Auteurs

Hook GJ, Spitz DR, Sim JE, Higashikubo R, Baty JD, et al. (2005)

The goal of this study was "to determine whether radiofrequency radiation (RFR) is capable of inducing oxidative stress in cultured mammalian cells". The production of intracellular oxidants, antioxidants, and oxidative damage to thiols were investigated.

The RFR was delivered by one of two signal types - 847.74 MHz CDMA or 835.62 MHz FMCW. The average SAR was 0.80 ± 0.13 W/kg. The cells used were mouse macrophages, and they were exposed to the RFR for 20 - 22 hours.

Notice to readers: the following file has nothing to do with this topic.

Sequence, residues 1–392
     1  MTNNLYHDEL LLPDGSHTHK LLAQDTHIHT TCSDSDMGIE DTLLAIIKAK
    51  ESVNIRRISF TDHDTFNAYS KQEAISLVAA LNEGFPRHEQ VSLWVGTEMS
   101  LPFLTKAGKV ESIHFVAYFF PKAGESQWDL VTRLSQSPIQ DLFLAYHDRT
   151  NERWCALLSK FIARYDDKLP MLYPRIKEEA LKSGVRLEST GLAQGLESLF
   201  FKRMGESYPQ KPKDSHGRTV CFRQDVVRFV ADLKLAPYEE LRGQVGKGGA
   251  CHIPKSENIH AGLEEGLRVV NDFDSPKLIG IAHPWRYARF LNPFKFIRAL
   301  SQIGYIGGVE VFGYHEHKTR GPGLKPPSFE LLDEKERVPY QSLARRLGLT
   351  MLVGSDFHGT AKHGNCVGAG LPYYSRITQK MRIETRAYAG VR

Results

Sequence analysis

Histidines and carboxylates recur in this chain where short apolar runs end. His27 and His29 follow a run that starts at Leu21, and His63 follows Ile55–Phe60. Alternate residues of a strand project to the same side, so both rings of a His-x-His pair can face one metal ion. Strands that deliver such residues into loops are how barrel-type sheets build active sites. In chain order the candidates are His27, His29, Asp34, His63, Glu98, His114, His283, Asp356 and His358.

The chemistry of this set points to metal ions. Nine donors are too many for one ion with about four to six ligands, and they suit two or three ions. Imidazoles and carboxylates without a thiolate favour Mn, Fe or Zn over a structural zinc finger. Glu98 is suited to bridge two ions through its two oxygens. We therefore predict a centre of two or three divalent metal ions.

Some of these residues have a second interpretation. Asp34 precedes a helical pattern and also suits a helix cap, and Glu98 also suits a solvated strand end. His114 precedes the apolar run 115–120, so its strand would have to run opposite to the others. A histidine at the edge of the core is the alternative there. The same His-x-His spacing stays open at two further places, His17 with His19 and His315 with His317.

The results of these studies indicated that FMCW- and CDMA-modulated RFR did not alter parameters indicative of oxidative stress in the cells. In addition there was no evidence of an effect on cell viability.

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